And Heaven did this transparent veil provide,
Because she had no guilty thought to hide.

To th' upper empty regions of the world :

The airy thing cuts through the yielding sky s All white, a virgin-saint, she sought the skies:

And as it goes does into atoms fly: For marriage, though it sullies not, it dies.

While we on Earth see, with no small delight, High though her wit, yet humble was her mind;

The bird of prey turn’d to a paper kite. As if she could not, or she would not, find

With drunken pride and rage he did so swell, How much her worth transcended all her kind.

The hated thing without compassion fell; Yet she had learn'd so much of Heaven below,

By powerful force of universal prayer, That when arriv'd, she scarce had more to know:

The ill-blown bubble is now turn'd to air;
But only to refresh the former hint;

To his first less than nothing he is gone,
And read her Maker in a fairer print.
So pious, as she had no time to spare

By his preposterous transaction !
For human thoughts, but was confin'd to prayer.
Yet in such charities she passid the day,
'Twas wondrous how she found an hour to pray.

A soul so calm, it knew not ebbs or flows,

Which passion could but curl, not discompose.
A female softness, with a manly mind :

A daughter duteous, and a sister kind:
In sickness patient, and in death resign'd.

Here lies my wife: here let her lic!
Now she's at rest, and so am I.




ON THE DUTCHESS OF PORTSMOUTH'S PICTURE. So fair, so young, so innocent, so sweet,

Sure we do live by Cleopatra's age, So ripe a judgment, and so rare a wit,

Since Sunderland does govern now the stage: Require at least an age in one to meet.

She of Septimius had nothing made, In her they metbut long they could not stay, 'Twas gold too fine to mix without allay.

Pompey alone had been by her betray'd. Heaven's image was in her so well exprest,

Were she a poet, she would surely boast, Her very sight upbraided all the rest ;

That all the world for pearls had well been lost Too justly ravish'd from an age like this, Now she is gone, the world is of a piece.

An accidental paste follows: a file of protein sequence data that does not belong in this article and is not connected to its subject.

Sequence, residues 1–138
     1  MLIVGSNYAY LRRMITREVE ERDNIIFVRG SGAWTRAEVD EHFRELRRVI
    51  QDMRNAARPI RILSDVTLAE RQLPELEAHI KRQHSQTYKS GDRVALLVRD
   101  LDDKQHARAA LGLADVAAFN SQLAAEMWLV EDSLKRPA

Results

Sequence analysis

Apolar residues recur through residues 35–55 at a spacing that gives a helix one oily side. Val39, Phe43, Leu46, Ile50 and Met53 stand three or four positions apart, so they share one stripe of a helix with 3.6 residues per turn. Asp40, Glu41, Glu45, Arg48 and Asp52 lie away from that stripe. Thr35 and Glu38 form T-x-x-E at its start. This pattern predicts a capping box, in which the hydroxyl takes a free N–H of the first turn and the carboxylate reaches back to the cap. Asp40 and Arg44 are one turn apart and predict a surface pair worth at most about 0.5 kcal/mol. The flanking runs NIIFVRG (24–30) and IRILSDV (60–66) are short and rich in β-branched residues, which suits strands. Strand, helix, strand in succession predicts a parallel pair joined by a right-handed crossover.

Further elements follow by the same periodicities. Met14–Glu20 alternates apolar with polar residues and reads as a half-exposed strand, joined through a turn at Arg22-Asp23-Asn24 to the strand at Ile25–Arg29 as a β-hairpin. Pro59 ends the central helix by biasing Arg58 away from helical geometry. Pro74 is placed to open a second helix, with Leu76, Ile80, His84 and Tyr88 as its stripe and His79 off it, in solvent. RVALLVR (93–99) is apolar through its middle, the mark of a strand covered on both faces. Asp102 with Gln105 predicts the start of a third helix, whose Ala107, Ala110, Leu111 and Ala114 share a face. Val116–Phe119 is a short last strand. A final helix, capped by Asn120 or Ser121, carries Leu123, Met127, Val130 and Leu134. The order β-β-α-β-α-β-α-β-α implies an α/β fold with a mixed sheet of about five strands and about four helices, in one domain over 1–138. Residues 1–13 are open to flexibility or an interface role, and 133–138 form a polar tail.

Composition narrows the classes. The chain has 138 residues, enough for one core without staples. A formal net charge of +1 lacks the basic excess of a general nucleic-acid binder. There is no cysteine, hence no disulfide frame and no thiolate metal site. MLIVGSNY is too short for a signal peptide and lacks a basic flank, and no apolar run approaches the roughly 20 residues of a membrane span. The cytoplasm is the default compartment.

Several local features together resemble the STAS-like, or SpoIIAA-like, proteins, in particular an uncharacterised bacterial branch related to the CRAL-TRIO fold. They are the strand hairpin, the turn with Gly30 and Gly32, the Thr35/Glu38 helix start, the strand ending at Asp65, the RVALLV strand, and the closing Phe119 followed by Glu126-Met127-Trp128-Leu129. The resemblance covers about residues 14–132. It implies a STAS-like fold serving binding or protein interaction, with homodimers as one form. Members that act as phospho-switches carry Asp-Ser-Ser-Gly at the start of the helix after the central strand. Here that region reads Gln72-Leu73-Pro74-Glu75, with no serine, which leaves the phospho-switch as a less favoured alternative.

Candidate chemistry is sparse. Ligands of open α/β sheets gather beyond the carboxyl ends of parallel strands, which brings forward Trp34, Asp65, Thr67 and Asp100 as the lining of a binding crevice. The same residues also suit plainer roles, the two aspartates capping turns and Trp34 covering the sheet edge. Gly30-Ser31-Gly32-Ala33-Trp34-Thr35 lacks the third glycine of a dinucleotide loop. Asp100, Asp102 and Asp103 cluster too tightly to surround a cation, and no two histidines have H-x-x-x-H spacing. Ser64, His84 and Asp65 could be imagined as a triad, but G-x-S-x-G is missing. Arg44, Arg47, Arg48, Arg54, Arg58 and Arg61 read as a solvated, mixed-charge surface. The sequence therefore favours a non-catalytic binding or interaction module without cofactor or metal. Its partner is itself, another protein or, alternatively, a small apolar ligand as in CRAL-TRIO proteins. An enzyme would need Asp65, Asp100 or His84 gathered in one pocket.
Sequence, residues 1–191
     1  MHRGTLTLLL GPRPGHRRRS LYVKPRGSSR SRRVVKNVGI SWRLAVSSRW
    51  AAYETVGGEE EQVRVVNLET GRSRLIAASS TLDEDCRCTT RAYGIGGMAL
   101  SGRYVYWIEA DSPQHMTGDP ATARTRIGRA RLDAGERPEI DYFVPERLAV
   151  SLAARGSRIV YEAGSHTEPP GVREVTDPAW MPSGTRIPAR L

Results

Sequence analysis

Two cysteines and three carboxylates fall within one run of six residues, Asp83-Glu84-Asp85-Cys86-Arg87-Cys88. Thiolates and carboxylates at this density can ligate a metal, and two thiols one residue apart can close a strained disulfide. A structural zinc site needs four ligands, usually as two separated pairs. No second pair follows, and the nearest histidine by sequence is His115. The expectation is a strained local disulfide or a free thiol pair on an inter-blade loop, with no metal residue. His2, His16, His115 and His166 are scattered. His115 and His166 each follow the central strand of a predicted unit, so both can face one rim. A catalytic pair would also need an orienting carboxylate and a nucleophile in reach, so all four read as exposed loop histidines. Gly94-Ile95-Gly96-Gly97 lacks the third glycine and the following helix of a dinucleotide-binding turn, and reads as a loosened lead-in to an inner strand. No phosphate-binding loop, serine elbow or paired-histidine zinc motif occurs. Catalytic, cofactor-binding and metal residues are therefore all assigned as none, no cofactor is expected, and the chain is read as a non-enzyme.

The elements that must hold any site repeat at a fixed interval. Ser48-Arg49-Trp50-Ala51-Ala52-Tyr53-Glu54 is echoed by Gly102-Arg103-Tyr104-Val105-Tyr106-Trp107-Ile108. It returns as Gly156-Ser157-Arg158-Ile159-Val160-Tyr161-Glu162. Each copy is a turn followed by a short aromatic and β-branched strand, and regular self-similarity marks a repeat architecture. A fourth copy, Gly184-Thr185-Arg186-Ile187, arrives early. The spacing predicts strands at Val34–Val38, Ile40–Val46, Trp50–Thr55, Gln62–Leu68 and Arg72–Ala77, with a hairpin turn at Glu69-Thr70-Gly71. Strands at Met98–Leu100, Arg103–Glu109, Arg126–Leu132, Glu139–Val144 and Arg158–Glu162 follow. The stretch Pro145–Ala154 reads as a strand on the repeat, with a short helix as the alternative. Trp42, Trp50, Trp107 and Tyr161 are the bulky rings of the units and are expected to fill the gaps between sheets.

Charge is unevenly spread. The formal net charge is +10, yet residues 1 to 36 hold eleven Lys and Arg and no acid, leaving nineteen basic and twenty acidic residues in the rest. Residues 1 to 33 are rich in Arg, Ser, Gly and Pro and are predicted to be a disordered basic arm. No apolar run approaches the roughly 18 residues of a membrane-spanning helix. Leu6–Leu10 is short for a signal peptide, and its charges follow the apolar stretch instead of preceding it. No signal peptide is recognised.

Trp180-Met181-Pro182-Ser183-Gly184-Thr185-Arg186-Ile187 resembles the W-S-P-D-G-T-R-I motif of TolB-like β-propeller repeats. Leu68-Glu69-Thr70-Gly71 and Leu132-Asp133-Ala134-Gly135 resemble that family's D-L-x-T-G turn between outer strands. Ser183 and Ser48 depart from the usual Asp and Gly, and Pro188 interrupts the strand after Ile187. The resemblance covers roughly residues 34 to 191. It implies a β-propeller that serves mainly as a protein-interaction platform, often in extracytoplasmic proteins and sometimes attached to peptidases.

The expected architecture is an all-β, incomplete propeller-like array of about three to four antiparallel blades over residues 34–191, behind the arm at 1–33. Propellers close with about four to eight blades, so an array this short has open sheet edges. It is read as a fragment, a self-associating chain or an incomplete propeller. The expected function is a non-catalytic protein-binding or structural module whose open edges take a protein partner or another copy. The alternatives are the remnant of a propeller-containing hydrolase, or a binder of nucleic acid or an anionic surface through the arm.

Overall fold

With leering look, bull-fac'd, and freckled fair,

With two left legs, with Judas colour'd hair, MONUMENT OF THE MARQUIS OF WINCHESTER. And frowzy pores, that taint the ambient air. He, who in impions- times undaunted stood,

i On Tonson's refusing to give Dryden the price And midst rebellion durst be just and good! he asked for his Virgil, the poet sent him the above; Whose arms asserted, and whose sufferings more and added, “Tell the dog, that he who wrote them, Confirm'd the cause for which be fought before ; can write more." The money was paid.







Happy and free, securely blest ; No beauty could disturb my rest; My amorous heart was in despair, To find a new victorious fair.

Till you, descending on our plains,
With foreign force renew my chains ;
Where now you rule without control
The mighty sovereign of my soul.
Your smiles have more of conquering charms,
Than all your native country arms :
Their troops we can expel with ease,
Who vanquish only when we please.
But in your eyes, oh! there's the spell,
Who can see them, and not rebel?
You make us captives by your stay,
Yet kill us if you go away.


From harmony, from heavenly harmony

This universal frame began :
When Nature underneath a heap

Of jarring atoms lay,

And could not heave her head,
The tuneful voice was heard from high,

Arise, ye more than dead." Then cold, and hot, and moist, and dry, In order to their stations leap,

And Music's power obey.
From harmony, from heavenly harmony,

This universal frame began:

From harmony to harmony
Through all the compass of the notes it ran,
The diapason closing full in man.
What passion cannot Music raise and quell?

When Jubal struck the chorded shell,
His listening brethren stood around,
And, wond'ring, on their faces fell

To worship that celestial sound.
Less than a God they thought there could not dwell

Within the hollow of that shell,

That spoke so sweetly and so well. What passion cannot Music raise and quell?

The trumpet's loud clangor

Excites us to arms,
With shrill notes of anger

And mortal alarms.
The double double double beat

Of the thundering drum
Cries, “ Hark! the foes come;
Charge, charge, 'tis too late to retreat."

The soft complaining flute
In dying notes discovers

The woes of hopeless lovers,
Whose dirge is whisper'd by the warbling lute.

Sharp violins proclaim
Their jealous pangs, and desperation,
Fury, frantic indignation,
Depth of pains, and height of passion,

For the fair, disdainful dame.
But oh! what art can teach,

What human voice can reach,
The sacred organ's praise?
Notes inspiring holy love,
Notes that wing their heavenly ways

To mend the choirs above.
Orpheus could lead the savage race;
And trees uprooted left their place,

Sequacious of the lyre:
But bright Cecilia rais'd the wonder higher :
When to her organ vocal breath was given,
An angel heard, and straight appear'd

Mistaking Earth for Heaven.

CLARENDON had law and sense,

Clifford was fierce and brave;
Bennet's grave look was a pretence,
And Danby's matchless impudence